Sexual Violence in History: A Bibliography

compiled by Stefan Blaschke


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First published: October 1, 2023 - Last updated: October 1, 2023


Speaker: Holly Morse

Title: Seeing Hidden Crimes

Subtitle: Visual Art as Witness to Violence against Biblical Women

Conference: Annual Meeting of the Society of Biblical Literature (November 18-21, 2023) - Online Program

Session: S20-104: Bible and Visual Art. Theme: Open Session

Place: San Antonio, Texas, United States

Date: November 20, 2023

Language: English

Keywords: Ancient History: Israelite History | Types: Rape; Representations: Religious Texts / Biblical Texts


Link: -


Speaker: Holly Morse, Centre for Biblical Studies, University of Manchester -, ResearchGate, ORCID

Abstract: »Despite the fact that 1 in 3 women globally are subject to physical and/or sexual violence, the harrowing frequency of these offences is met with a woeful rate of conviction rendering the majority of gender-based violence against women and girls invisible, hidden crimes. This lack of visibility of the abuse of women is further compounded by the fact that around 90% of rapes are committed by acquaintances of the victims, and often within the broader context of domestic abuse and intimate partner violence. In many ways, the Hebrew Bible too elides violence against women. With no specific language for rape, with laws that seem to accommodate abuse of female persons, and with accounts of what likely describe violent, sexual attacks on women mired in euphemism and narratorial disinterest, trying to render biblical survivors, and victims, of GBV visible to the reader is often a challenge. In my paper, I want to think about how visual art can help, or hinder, us in acts of witness to the experiences of biblical women at the hands of their abusers, and in turn offer opportunity to think further about tools for moral and ethical readings of ancient authoritative texts in our contemporary world. The first part of this paper will also explore the ways in which biblical art can paint over the horror of rape, thus making the crimes against women like Dinah, Tamar, and the Levite's pilegesh doubly hidden, and worryingly sanitised. By contrast, the second part of the paper will demonstrate how visual art can also, by providing unsettling visual representations of violence against women, act as witness, and in turn help viewers to develop empathetic readings of abused biblical characters.« (Source: Online Program)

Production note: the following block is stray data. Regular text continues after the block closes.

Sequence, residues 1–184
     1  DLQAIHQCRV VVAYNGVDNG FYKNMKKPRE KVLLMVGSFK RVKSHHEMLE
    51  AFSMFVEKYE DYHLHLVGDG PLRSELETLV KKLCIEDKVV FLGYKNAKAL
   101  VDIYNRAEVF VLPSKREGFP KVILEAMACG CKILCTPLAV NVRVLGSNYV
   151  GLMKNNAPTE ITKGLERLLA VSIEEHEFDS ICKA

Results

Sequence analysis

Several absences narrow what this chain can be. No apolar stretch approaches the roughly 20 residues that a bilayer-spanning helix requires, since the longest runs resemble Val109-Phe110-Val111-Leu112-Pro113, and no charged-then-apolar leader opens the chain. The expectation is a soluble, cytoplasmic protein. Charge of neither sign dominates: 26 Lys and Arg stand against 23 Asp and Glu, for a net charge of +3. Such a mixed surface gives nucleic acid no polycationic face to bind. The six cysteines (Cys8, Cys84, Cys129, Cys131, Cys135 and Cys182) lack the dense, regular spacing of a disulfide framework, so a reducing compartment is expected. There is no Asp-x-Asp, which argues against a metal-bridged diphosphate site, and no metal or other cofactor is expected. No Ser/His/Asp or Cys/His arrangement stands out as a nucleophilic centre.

Wikipedia: Ancient history: History of ancient Israel and Judah | Bible: Hebrew Bible / Rape in the Hebrew Bible | Sex and the law: Rape / History of rape